A new poll by Forum Research shows Wildrose, the New Democrats, and the Progressive Conservatives locked in an improbable three-way race in Alberta. But the approval ratings of the leaders shows that Jim Prentice is in trouble.
The new projection reflects this three-way battle, with Wildrose narrowly ahead with 30% of the vote (or between 28% and 32%), enough to give them 35 seats (or between 22 and 44). The PCs trail with 28% of the vote (or between 26% and 30%) and 28 seats (or between 19 and 45), while the New Democrats stand at 26% (24% to 28%) and 18 seats (14 to 20).
Interestingly, the polls now point to a minority government. Though both Wildrose and the PCs do hit the majority mark of 44 seats at the very top of their ranges, the odds are far more in favour of either party falling short. The minimum/maximum ranges, however, show that things are close enough that almost any result for either of the two parties is plausible.
So it is a pretty clear picture. And this poll from Forum is a welcome change from its normal procedure, as the survey was taken over three days. Forum usually polls in one evening, as Mainstreet Technologies has been doing in this campaign. A sample drawn over a few days is going to get something a little more representative, as the kind of people at home on a typical Tuesday night might be different from those at home on Wednesday and Thursday (were the Flames playing, for instance?). The poll also has less potential of being skewed by a single day's events.
This survey gave Wildrose 30% against 28% for the NDP and 27% for the Tories. The Liberals trailed with 12% support, while the Alberta Party was at 2%.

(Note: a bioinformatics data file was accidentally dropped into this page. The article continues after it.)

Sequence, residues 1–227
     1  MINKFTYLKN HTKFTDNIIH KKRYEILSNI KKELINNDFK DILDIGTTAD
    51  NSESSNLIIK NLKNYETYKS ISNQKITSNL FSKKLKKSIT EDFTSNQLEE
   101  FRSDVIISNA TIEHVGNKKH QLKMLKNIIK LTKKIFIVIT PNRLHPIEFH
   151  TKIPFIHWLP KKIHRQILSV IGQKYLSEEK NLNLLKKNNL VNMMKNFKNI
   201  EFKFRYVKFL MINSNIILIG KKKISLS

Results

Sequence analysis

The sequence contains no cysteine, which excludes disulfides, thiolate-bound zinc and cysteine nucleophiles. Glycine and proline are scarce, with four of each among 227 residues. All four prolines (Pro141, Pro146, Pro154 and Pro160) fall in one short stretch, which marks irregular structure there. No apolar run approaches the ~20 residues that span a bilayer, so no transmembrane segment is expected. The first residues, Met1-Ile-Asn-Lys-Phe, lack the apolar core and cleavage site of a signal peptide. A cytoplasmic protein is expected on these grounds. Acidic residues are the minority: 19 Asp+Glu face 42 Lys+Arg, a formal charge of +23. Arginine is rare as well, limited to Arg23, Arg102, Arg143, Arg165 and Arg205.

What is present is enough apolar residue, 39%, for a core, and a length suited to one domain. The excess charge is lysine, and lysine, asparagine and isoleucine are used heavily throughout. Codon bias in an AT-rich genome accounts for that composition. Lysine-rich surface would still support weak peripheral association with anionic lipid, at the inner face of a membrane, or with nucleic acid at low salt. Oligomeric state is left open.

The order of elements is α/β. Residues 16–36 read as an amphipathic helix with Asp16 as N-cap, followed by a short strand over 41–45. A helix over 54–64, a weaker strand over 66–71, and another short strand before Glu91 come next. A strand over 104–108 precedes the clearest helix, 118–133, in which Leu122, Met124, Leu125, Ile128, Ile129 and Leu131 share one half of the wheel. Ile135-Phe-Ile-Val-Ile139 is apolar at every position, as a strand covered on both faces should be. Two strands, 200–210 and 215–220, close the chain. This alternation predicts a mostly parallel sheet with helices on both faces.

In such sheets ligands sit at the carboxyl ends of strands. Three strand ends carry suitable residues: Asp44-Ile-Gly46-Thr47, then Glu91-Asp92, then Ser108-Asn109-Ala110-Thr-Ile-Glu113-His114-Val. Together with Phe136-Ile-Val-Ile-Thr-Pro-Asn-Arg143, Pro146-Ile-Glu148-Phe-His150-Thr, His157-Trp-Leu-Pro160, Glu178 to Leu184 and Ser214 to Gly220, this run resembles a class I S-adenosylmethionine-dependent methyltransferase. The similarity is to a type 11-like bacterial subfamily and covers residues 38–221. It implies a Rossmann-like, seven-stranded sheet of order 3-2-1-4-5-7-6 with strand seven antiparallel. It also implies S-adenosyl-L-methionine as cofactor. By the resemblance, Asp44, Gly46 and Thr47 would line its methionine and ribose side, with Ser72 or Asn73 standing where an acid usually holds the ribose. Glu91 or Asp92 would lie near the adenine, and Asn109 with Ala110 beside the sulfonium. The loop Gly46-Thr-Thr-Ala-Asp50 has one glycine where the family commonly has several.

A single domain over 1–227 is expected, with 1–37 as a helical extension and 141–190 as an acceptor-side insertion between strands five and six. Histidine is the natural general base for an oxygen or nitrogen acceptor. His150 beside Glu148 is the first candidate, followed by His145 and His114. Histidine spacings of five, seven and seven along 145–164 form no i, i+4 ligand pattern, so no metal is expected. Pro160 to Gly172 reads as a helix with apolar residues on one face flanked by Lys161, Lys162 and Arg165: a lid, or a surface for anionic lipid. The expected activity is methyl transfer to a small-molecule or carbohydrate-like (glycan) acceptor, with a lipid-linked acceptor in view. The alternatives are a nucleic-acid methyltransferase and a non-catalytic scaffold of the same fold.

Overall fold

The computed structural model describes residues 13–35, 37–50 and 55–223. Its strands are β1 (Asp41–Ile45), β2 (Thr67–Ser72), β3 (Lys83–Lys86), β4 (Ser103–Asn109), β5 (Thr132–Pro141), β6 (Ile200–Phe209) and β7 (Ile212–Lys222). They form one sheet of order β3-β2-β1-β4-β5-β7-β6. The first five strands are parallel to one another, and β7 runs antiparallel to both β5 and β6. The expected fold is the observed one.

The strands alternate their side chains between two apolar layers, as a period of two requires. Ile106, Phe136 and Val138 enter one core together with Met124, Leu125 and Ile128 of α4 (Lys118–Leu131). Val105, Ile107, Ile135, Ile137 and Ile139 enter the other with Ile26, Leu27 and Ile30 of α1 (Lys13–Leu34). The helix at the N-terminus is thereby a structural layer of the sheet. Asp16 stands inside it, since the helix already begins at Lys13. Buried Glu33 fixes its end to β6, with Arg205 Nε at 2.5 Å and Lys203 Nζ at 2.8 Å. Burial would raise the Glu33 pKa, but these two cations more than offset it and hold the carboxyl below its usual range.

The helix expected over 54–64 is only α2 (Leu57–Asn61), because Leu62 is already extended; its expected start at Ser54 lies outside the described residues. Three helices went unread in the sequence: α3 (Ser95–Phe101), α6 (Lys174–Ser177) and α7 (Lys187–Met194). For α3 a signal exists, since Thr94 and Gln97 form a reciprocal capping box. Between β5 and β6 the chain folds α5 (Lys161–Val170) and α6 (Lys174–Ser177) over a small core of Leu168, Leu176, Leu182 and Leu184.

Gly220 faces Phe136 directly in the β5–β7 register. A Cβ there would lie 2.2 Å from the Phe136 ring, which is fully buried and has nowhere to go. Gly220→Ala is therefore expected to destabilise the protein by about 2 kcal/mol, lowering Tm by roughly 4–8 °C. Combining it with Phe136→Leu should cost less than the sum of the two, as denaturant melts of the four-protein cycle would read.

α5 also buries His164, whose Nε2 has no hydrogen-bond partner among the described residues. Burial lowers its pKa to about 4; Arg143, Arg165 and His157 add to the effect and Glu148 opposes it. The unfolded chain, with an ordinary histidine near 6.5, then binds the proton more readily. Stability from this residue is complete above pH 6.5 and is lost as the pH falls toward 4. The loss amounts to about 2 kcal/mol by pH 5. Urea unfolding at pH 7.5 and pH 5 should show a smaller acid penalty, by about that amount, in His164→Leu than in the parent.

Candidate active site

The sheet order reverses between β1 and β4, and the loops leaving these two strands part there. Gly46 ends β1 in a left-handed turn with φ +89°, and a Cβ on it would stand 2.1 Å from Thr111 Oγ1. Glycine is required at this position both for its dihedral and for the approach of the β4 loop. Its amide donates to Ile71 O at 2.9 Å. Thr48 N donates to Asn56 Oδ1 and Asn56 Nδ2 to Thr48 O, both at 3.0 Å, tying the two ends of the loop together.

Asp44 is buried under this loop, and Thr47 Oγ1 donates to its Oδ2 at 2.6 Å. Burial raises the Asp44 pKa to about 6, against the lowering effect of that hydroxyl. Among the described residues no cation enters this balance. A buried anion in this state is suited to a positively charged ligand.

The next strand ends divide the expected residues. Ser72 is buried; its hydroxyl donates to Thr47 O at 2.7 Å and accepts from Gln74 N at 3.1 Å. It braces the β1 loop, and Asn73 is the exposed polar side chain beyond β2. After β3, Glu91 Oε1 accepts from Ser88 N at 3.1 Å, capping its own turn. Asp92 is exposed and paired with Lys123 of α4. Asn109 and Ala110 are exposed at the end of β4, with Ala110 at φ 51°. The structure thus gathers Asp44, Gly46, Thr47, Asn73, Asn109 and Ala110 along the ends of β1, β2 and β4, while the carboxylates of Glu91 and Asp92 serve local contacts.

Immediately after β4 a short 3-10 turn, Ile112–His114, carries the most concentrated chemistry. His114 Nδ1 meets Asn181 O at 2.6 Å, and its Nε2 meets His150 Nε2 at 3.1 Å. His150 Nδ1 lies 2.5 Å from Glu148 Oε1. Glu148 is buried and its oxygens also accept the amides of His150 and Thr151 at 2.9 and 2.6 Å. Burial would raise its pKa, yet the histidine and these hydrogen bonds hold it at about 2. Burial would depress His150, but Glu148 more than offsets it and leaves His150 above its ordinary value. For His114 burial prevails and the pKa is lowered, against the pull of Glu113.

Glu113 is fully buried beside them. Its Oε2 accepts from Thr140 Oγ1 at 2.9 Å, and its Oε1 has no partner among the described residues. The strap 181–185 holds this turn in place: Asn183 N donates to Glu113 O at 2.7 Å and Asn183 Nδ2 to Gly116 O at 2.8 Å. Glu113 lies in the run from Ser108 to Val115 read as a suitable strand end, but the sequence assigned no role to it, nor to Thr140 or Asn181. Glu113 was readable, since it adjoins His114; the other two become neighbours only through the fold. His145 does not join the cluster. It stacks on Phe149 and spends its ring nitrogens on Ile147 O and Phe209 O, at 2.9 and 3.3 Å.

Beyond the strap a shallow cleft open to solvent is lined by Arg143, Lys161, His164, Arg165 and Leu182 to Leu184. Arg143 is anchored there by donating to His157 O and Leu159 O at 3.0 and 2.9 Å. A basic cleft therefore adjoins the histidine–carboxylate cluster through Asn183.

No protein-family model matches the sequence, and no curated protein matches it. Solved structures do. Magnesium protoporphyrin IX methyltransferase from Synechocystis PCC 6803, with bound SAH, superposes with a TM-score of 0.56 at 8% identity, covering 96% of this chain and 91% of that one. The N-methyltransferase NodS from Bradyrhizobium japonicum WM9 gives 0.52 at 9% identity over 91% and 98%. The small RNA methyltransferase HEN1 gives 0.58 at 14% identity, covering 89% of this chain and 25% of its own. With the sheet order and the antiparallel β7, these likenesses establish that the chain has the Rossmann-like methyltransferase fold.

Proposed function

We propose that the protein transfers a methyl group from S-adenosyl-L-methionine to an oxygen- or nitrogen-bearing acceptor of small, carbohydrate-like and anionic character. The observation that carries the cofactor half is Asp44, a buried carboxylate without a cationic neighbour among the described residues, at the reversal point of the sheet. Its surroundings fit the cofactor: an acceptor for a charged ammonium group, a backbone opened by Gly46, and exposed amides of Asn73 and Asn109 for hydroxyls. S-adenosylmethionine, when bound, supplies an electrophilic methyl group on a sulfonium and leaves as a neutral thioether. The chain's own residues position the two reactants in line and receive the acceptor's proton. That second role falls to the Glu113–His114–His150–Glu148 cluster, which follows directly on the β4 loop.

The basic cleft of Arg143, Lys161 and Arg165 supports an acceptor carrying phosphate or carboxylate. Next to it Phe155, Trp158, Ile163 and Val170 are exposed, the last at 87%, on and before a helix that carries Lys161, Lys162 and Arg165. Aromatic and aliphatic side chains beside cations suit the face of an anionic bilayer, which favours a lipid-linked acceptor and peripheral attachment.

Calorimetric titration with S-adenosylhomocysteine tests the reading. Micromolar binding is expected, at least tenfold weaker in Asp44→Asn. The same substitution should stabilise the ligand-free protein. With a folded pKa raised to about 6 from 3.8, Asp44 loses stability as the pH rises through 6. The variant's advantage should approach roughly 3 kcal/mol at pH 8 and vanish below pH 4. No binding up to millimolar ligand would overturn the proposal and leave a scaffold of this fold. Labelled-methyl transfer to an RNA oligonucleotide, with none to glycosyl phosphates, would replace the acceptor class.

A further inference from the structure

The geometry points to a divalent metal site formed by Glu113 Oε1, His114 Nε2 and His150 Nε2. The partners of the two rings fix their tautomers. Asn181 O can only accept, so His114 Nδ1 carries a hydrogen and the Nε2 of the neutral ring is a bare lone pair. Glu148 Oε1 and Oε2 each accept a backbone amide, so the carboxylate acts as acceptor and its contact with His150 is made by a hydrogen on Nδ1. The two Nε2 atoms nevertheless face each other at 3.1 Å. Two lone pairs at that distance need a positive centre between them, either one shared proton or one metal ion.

Wildrose was ahead in Calgary by a comfortable margin, with 35% to 28% for the PCs and 20% for the NDP, and was ahead outside of the two main urban centres.
In southern Alberta, Wildrose had 40% to 23% apiece for the PCs and NDP. In central Alberta, the margin was narrower at 35% for Wildrose to 30% for the Tories and 22% for the NDP. And in northern Alberta, the race was closest at 33% for Wildrose and 29% for the PCs. The NDP was third with 19%.
The New Democrats had the lead in Edmonton, with 40% to 26% for the Tories and 18% for Wildrose.
The Liberals did best in Calgary with 14%, while the Alberta Party managed 3% in Calgary and southern and northern Alberta.
These regional results are broadly in line with what other polls have shown.
But what makes this poll stand out is that it included approval ratings for the five party leaders. And they look bad for the premier.
But those undecideds are very important. Most Albertans appear to have made up their mind about Prentice (his disapproval rating, at 63%, is horrible). But a large portion have not come to terms with who the other leaders are.
This is most significant for Brian Jean, the Wildrose leader and the leader who is the most unknown of the big four. Fully 47% said they don't have an opinion of him, and among those who do it was split: 29% approval to 24% disapproval. Jean has a lot of potential for growth, but also for decline. It all depends what Albertans make of him when they see more of him.
David Swann of the Liberals has a similar problem, with 44% still unsure of him. His disapproval was slightly higher than his approval rating, at 31% to 25%.
Rachel Notley has a lower unsure score, but at 38% it is still rather high. But the good news for her is that her approval rating is the best in the province at 42%, meaning that she would still have a strong score going into election day even if every undecided went over to the disapproval column. Among decideds, her approval rating is a glittering 67%. This suggests that her party's numbers may not be so shaky.
These leadership numbers tell us a lot. Prentice and the PCs are definitely in trouble, but only if Jean manages a decent campaign and voters stick with Notley. But there are still a lot of undecided Albertans - if Prentice can convince them that Jean is not up to be premier and that Notley, while likable, is also not up to the job, he can pull it off. But he is starting this campaign from a position of real weakness.